The Greatest Traitor

The Greatest Traitor : The Life of Sir Roger Mortimer, Ruler of England 1327-1330

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One night in August 1323 a captive rebel baron, Sir Roger Mortimer, drugged his guards and escaped from the Tower of London. With the king's men-at-arms in pursuit he fled to the south coast, and sailed to France. There he was joined by Isabella, the Queen of England, who threw herself into his arms. A year later, as lovers, they returned with an invading army: King Edward II's forces crumbled before them, and Mortimer took power. He removed Edward II in the first deposition of a monarch in British history. Then the ex-king was apparently murdered, some said with a red-hot poker, in Berkeley Castle. Brutal, intelligent, passionate, profligate, imaginative and violent: Sir Roger Mortimer was an extraordinary character. It is not surprising that the queen lost her heart to him. Nor is it surprising that his contemporaries were terrified of him. But until now no one has appreciated the full evil genius of the man. This first biography reveals not only the man's career as a feudal lord, a governor of Ireland, a rebel leader and a dictator of England but also the truth of what happened that night in Berkeley more

Product details

  • Paperback | 400 pages
  • 128 x 196 x 30mm | 299.38g
  • Vintage Publishing
  • London, United Kingdom
  • English
  • New edition
  • 8
  • 0712697152
  • 9780712697156
  • 517,680

Review quote

' Mortimer' s book roars, races and sings-with a sense of passion and drama and an unrelenting pace.' Ann Wroe, Daily Telegraphshow more

About Mortimer, Ian

Ian Mortimer graduated with a degree in History from the University of Exeter in 1989, then qualified as an archivist at UCL and worked in the Devon Record Office and the Public Record Office before taking up a post in the Department of History at Reading University. In 1994 he moved to the Royal Commission on Historical Manuscripts. In1999 he moved back to the University of Exeter, where he has been employed since, in a dual capacity as lecturer in primary sources for British history and as an archivist. He has lectured on a very wide range of historical themes, and was elected a Fellow of the Royal Historical Society in more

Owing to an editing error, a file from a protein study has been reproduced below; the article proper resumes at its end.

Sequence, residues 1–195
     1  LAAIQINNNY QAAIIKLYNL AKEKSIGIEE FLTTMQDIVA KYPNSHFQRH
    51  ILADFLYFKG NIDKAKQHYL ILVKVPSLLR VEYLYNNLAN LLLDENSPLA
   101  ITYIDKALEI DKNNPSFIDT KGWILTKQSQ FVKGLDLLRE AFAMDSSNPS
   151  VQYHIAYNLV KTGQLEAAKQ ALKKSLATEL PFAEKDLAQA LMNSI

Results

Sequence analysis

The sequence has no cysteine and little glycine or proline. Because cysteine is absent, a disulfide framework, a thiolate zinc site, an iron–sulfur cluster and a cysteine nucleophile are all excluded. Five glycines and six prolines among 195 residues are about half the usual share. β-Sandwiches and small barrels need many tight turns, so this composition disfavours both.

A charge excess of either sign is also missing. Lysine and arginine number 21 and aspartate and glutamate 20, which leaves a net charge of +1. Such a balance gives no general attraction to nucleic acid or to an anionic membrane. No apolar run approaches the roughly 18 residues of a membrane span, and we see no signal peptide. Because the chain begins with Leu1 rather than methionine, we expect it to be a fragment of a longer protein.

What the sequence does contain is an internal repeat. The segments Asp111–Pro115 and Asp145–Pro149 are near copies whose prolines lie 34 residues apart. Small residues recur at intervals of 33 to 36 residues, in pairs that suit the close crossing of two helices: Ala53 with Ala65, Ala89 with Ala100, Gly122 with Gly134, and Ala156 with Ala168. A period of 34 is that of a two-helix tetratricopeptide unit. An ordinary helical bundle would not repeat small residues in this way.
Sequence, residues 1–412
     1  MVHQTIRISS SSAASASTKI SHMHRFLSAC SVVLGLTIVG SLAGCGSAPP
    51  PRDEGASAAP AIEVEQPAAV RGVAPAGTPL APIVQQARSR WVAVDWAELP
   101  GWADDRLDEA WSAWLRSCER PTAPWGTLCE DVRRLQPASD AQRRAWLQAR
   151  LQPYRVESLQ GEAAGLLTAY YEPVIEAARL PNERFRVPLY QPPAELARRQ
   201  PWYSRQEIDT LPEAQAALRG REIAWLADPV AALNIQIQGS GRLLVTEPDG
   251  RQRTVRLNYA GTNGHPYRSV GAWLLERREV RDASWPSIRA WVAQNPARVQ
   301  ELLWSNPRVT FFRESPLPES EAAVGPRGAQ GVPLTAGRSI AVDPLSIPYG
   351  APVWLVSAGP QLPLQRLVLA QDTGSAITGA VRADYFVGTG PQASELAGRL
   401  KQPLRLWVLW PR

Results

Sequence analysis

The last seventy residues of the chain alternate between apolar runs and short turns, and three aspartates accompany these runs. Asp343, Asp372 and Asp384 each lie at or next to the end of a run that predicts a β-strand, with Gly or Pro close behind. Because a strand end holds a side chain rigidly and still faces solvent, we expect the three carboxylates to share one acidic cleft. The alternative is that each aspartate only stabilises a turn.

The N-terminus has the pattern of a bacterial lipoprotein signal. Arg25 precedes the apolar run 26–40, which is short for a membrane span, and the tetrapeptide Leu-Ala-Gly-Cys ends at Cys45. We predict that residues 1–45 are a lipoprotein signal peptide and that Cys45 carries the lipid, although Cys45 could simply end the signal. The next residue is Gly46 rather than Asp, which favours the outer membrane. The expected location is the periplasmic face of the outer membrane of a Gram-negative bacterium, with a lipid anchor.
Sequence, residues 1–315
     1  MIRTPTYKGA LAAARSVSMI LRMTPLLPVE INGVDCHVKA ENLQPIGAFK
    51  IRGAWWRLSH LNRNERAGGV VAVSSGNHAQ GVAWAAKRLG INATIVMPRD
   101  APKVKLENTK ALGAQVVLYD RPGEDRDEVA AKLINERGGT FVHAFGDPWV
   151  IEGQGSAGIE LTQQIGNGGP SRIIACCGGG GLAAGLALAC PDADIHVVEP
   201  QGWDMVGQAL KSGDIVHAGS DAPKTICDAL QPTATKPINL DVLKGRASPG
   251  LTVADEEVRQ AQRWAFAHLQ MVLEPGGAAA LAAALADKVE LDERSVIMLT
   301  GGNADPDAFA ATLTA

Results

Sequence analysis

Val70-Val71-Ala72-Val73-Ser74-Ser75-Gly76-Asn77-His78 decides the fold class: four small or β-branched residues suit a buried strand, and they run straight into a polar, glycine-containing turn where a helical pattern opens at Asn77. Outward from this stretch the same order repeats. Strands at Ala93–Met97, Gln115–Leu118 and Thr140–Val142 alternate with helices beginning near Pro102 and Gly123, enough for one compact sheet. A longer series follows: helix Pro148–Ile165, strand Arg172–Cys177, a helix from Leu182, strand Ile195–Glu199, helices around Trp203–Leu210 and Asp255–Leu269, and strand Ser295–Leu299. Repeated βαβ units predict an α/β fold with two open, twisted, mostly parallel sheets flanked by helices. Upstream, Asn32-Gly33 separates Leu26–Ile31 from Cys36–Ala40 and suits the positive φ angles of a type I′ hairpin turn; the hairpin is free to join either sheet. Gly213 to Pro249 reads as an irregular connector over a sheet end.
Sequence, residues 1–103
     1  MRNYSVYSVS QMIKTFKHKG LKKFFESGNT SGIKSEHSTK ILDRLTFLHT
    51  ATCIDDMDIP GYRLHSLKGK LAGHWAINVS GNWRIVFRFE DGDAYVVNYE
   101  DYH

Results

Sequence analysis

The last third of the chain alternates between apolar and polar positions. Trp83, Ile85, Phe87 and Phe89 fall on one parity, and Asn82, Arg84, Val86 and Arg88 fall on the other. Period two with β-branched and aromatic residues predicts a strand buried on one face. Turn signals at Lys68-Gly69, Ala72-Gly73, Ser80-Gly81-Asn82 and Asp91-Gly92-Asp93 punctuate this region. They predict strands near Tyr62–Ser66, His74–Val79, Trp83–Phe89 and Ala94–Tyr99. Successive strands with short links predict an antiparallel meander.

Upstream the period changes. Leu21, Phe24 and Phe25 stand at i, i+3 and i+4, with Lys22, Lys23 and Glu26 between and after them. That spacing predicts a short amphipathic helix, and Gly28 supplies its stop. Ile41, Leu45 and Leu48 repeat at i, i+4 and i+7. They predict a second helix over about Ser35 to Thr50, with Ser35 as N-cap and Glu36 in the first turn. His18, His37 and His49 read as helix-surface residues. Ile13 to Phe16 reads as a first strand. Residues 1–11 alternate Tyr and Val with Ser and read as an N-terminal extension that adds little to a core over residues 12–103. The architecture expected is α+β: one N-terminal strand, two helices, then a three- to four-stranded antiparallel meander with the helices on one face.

Review Text

Many of the labyrinthine comings and goings in the lives of England's rulers have already been discussed and analysed in great detail, but that's certainly not the case where Sir Roger Mortimer is concerned. It's a peculiar omission, for the exploits and machinations of the first Earl of March who ruled England briefly in the early part of the 14th century make for a particularly gripping and action-packed tale. This is the first time in almost 800 years that the adulterous adventurer has come under such scrutiny, and his life is revisited and recounted in comprehensive detail by Fellow of the Royal Historical Society, Ian Mortimer. The author, who is no relation, reckons it's time for a kinder approach to the much maligned rebel baron, and clearly delights in conjuring up scenes of mediaeval Britain, Ireland and parts of continental Europe as a suitably dramatic backdrop to a marvellous tale of adventure and intrigue. Here is a man who went from being the governor of Ireland and 'lord of many manors throughout England' to being held captive in the Tower of London, languishing under a life sentence for his part in a rebellion against King Edward II in 1321. Mortimer is perceived to be a real threat to the far from popular ruler and the even more unpopular government of the time, and his life sentence becomes a death sentence. Escape is the only option and a combination of drugged guards, chimney climbing, rope ladders and rowing boats help the intrepid Mortimer to make his way to France, where he is joined by his love, Queen Isabella. They return to England a year later to wrest control from the king, and Mortimer secures his pivotal role in one of the 'most significant events of mediaeval European history'. (Kirkus UK)show more

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615 ratings
4.12 out of 5 stars
5 40% (246)
4 38% (236)
3 17% (102)
2 4% (24)
1 1% (7)
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